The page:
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Conflict in the Pacific

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Conflict in the Pacific

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Conflict in the Pacific essay

Question: Analyse the strategic and political reasons for bombing Pearl Harbour.

There were numerous strategic and political reasons that lead to the bombing of Pearl Harbour on December 7th, 1941. However nationalism, militarism and imperialistic notions were key influential factors, which together contributed to the almost complete annihilation of the US Pacific fleet. Based on Japan’s nationalistic beliefs of superiority over Asian nations, the surprise attack attempted to fulfill a change in the balance of power within South East Asia and expose the vulnerability of the West.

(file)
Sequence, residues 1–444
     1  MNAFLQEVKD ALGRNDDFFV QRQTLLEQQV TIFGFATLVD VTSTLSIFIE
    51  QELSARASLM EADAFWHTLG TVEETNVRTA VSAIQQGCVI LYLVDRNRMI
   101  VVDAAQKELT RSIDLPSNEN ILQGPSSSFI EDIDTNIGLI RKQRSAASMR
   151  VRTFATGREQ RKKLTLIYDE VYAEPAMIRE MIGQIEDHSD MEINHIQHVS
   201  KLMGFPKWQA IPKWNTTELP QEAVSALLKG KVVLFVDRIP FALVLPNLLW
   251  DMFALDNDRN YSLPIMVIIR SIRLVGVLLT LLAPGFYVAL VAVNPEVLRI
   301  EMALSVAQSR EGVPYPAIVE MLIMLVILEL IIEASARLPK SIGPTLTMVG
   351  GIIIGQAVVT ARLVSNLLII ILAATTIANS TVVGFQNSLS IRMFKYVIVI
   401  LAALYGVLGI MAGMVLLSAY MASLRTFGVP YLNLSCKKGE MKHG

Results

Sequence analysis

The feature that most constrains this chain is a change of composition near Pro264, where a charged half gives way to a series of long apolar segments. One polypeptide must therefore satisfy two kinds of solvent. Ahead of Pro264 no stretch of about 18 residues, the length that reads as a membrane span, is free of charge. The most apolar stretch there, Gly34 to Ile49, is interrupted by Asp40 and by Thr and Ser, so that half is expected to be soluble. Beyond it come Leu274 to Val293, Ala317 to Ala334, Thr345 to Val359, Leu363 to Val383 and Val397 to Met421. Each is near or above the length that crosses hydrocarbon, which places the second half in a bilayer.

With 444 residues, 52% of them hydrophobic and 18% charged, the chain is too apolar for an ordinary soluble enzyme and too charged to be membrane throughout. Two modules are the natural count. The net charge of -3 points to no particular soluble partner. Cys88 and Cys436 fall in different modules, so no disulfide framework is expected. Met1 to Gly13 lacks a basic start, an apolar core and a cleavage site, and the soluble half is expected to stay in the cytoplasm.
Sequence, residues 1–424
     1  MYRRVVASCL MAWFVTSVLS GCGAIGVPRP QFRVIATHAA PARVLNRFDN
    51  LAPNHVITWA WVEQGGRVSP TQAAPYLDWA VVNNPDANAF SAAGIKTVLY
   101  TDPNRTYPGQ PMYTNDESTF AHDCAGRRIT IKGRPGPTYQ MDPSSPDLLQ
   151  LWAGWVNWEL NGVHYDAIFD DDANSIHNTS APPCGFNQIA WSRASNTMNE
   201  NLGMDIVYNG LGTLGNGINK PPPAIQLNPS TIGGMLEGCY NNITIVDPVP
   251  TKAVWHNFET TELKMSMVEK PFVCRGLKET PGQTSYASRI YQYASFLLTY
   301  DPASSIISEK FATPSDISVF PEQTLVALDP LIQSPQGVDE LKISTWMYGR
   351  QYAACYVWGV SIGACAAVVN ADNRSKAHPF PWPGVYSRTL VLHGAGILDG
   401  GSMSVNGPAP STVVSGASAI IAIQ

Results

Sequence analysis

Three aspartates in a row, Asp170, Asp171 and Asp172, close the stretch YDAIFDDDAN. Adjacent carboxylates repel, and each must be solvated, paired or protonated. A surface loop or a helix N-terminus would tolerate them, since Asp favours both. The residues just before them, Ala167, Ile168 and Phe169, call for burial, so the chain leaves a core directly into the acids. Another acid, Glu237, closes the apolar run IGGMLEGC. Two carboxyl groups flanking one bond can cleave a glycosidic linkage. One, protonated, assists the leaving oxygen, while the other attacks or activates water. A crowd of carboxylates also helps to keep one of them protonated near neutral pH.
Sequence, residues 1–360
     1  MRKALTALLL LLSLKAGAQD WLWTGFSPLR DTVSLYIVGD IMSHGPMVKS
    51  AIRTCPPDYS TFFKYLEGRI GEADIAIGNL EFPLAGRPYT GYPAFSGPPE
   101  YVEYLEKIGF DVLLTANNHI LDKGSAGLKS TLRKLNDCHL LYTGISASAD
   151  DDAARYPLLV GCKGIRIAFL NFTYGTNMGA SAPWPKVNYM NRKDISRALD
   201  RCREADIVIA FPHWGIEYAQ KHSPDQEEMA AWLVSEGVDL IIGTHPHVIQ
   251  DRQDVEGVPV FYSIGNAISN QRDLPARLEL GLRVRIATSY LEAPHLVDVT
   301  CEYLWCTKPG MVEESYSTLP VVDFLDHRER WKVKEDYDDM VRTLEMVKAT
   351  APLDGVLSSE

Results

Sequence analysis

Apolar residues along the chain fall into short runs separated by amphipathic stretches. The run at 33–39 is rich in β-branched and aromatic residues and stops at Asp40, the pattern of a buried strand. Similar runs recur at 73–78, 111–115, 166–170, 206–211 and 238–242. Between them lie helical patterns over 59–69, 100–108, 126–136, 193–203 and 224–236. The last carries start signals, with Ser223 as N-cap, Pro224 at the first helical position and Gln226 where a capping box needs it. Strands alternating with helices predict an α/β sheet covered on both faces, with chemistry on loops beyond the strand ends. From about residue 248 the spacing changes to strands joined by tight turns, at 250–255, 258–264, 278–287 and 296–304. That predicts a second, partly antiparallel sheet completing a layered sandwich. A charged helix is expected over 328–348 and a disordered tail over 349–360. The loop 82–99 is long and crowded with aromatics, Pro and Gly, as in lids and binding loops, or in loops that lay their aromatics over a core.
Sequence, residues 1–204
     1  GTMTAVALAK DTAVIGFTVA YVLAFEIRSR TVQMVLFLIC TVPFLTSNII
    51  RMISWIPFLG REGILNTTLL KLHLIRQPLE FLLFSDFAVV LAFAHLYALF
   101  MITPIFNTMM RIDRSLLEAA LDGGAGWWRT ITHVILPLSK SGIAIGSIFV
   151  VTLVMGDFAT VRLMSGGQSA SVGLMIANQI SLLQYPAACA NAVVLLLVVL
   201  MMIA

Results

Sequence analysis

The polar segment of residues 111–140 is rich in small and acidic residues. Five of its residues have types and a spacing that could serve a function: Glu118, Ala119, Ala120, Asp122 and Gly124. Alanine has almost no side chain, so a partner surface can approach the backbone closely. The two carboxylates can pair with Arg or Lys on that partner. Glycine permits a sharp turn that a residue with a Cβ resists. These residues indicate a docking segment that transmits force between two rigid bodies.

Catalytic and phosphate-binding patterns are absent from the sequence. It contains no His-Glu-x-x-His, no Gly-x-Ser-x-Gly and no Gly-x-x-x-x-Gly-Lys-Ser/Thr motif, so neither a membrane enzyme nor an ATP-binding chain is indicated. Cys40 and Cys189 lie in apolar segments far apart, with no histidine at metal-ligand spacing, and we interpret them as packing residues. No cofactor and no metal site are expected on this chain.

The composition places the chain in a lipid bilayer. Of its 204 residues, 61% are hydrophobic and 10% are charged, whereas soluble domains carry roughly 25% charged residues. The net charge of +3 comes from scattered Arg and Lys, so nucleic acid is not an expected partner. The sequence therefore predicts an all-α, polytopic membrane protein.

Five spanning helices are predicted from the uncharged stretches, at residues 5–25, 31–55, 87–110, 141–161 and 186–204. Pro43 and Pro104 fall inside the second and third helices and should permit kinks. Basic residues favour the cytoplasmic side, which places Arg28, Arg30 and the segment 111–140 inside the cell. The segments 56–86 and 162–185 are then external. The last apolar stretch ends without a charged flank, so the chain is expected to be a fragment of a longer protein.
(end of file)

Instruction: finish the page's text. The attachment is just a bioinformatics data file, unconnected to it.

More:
Portraying Japan’s notions of nationalism and desires for imperialistic gain, the attack on Pearl Harbour was planned, after months of dissention among the ranks of army command, by Commanders Mitsuo Fuchida and Minoru Genda, who strongly believed that the future of naval warfare would be decided by aviation. To fulfill its militaristic and imperialistic aims, the attack needed to destroy aircraft carriers, attack submarine bases and oil reserves and to destroy the US base to the extent that the Americans would have to relocate to the West coast, therefore, giving the Japanese the opportunity to take control of the Pacific. Although many of these aims were achieved most were nullified, as the Americans were able to quickly recover from the blow. Not only did the success of Pearl Harbour depend completely on the strategic element of surprise, the Japanese attack was formulated for Pearl Harbour to surprise the enemy and expose the vulnerability of the West, thus portraying Japan’s notions of nationalism and superiority. The Japanese implemented the element of surprise by deceiving the US government. They achieved this by convincing the US government that Japan would not attack, whilst the Japanese Navy steamed towards Hawaii. Although most officials believed this peace claim, others were hesitant. There was also no warning of the attack because the...